5. In the fourteenth century, Wycliff in England taught that the Bible was the sole rule of faith, that there was no freedom of the will, that confession was useless, that the Pope had no primacy.Adopting the theories of Wycliff, Huss in Bohemia spread the errors. Political considerations complicated the heresy; fighting broke out, lasting years.Comments by Roger Owen(RMO):NOTE: The greatest schism of the Catholic Church occurred at Vatican II in the 1960s that hijacked almost all those who were once truly Catholic. The primary heresies introduced by Vatican II and afterwards are: false religious freedom/liberty, collegiality, there is salvation outside the Church implying that differences in doctrine do not matter in attaining salvation, false ecumenism, implying with the use of the word “subsists” that separated churches subsist in the Catholic Church and that the Church Christ founded is NOT one and the same as the Catholic Church, but two separa ies, a new definition of the Mass ignoring Christ’s Real Presence and excessively focusing on His mystical presence, natural family planning (NFP) practiced erroneously, and sex education in the schools instead of by the parents in the home.

This article has been taken from “My Catholic Faith” I am not the author merely the distributor.God Bless BJS!!

​The Roman Curia

    What is the Roman Curia? –It is the organization of various bodies to which the Pope has delegated the exercise of his jurisdiction.

    Almost all the heads of the bodies in the Roman Curia are cardinals.

    The Roman Curia is the papal court; it is the core of the government of the Church. The Holy Father possesses complete and absolute power over the government of the Church; but it is not possible for him to exercise his authority personally and directly over every detail in the worldwide Church. A great deal of the jurisdiction has therefore been delegated to the Roman Curia, which should  consist of:

     

  1. Twelve Congregations, namely: Of the Holy Office, of the Consistory, for the Oriental Church, of the Sacraments, of the Council, of Religious, for the Propagation of the Faith, of Sacred Rites, of Ceremonies, of Extraordinary Ecclesiastical Affairs, of Seminaries and Universities, and of the Basilica of St. Peter.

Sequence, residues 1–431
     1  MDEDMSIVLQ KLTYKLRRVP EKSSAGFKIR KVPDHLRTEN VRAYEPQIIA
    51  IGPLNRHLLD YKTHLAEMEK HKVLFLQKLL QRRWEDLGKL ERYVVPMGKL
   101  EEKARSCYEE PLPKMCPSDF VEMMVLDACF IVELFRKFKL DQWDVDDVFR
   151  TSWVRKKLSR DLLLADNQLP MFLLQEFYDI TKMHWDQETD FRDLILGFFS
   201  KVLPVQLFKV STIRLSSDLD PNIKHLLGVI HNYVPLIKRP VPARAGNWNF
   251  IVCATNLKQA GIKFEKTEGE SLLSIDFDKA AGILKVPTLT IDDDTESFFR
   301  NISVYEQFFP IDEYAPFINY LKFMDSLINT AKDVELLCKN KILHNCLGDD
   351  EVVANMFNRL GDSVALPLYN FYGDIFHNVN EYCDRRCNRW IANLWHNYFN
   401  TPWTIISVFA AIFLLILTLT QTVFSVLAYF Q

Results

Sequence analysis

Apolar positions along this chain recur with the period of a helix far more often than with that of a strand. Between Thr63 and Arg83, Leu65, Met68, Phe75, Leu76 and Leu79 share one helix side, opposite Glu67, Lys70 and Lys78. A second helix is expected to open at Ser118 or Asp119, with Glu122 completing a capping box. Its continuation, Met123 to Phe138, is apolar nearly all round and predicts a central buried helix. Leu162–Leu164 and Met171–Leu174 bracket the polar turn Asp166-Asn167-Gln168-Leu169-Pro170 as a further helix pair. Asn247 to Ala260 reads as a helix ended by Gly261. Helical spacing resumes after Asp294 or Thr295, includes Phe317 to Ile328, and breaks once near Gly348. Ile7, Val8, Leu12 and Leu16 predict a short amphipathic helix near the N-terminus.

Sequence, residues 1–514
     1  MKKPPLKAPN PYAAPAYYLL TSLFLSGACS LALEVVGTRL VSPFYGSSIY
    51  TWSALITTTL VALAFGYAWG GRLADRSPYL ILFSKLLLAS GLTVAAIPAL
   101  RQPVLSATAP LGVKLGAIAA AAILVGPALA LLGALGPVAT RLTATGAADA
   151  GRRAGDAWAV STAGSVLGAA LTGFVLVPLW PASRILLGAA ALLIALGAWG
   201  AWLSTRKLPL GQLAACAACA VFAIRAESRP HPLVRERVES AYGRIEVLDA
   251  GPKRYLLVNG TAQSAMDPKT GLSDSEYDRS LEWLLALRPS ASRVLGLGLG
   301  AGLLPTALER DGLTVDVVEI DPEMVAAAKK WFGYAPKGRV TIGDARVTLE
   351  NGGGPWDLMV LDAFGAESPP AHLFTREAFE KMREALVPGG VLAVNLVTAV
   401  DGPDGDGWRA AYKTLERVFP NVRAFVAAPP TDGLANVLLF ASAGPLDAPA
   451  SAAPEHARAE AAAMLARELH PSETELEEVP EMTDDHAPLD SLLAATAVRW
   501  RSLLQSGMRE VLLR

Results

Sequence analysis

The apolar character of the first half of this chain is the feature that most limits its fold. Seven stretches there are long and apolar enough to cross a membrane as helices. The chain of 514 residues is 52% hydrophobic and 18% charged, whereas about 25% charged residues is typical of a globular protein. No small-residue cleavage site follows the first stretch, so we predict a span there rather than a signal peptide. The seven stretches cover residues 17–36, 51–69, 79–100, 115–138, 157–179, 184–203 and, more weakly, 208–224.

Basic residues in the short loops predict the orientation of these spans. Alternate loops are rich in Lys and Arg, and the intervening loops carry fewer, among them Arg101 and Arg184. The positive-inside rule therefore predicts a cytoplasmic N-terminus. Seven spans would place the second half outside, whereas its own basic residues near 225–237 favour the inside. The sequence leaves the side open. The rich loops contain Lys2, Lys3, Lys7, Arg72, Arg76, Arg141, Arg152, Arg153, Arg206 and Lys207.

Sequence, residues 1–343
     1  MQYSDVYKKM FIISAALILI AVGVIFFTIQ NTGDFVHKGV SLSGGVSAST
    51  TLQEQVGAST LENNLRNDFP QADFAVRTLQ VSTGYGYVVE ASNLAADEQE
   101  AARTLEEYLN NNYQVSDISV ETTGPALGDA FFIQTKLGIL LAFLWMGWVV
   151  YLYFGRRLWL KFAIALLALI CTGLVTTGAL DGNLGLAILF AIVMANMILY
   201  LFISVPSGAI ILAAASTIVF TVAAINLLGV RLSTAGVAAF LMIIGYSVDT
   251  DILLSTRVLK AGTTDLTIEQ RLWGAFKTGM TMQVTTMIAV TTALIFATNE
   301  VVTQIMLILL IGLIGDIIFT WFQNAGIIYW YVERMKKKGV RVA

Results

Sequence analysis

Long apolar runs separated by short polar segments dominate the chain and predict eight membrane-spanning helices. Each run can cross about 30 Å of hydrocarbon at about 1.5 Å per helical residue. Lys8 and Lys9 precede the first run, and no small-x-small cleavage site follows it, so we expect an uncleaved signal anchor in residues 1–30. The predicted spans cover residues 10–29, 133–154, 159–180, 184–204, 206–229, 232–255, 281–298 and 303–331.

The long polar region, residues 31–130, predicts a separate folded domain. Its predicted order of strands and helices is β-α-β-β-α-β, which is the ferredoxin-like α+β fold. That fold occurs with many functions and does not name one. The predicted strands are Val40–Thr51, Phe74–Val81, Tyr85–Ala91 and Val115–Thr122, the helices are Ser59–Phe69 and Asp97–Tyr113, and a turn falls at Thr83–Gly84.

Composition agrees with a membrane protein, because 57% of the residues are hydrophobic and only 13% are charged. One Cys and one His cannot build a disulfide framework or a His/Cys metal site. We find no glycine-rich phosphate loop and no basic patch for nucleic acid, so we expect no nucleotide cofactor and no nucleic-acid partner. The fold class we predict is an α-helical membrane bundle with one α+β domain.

2. Three Tribunals, namely: Sacred Penitentiary, Sacred Roman Rota, and Apostolic Signature.

     

  3. Five Offices, namely: Apostolic Chancery, Apostolic Datary, Apostolic Camera, Secretarfate of State, and Secretariate of Briefs to Princes and Latin Letters.

    What in general are the duties of the twelve Congregations of the Roman Curia? –Their duties are summarized below:

     

  1. The Congregation of the Holy Office guards Catholic doctrine in faith and morals, protects sacramental dogma, acts on heresy and heretics, decides matters related to the condemnation of books, the doctrine of indulgences, new prayers and devotions.

    Unlike all other Congregations, it has judicial, as well as administrative powers. The importance of this sacred congregation is shown by the fact that the Holy Father Himself is its Prefect, acting with a Cardinal-Secretary. This, the Consistorial Congregation, and that for the Oriental Church are the only administrative Departments thus personally headed by the Pope himself. All other congregations have cardinal-prefects, and the tribunals and offices have cardinal or other prelates at their head.

     

  2. The Consistorial Congregation prepares subjects of discussion at the papal consistories, where the College of Cardinals with the Pope deliberate on important matters. It judges the competency of all the Congregations with the exception of that of the Holy Office.

    It is this Congregation through which the Pope nominates bishops and other high officials, after inquiring into their qualifications; it forms new dioceses, provinces, etc. that are not under the Propagation of the Faith or of the Congregation for the Oriental Church, and looks after their preservation.

     

  3. The Congregation for the Oriental Church takes care of all matters related to the Eastern Church.

     

  4. The Congregation of the Sacraments looks after the external regulations of the seven sacraments, ordains decrees and grants dispensations; it has charge of matters related to the validity of Orders or Matrimony.

     

  5. The Congregation of the Council has supervision over secular clergy and laymen, including parish priests, religious associations (even those under religious) , taxes, etc.; it has charge of episcopal conferences. It deals with matters related to the observence of the laws of the Church.

     

  6. The Congregation of Religious has authority over matters related to all religious, including lay members of Third Orders; it takes up their government, discipline, and privileges, and supervises their property and studies.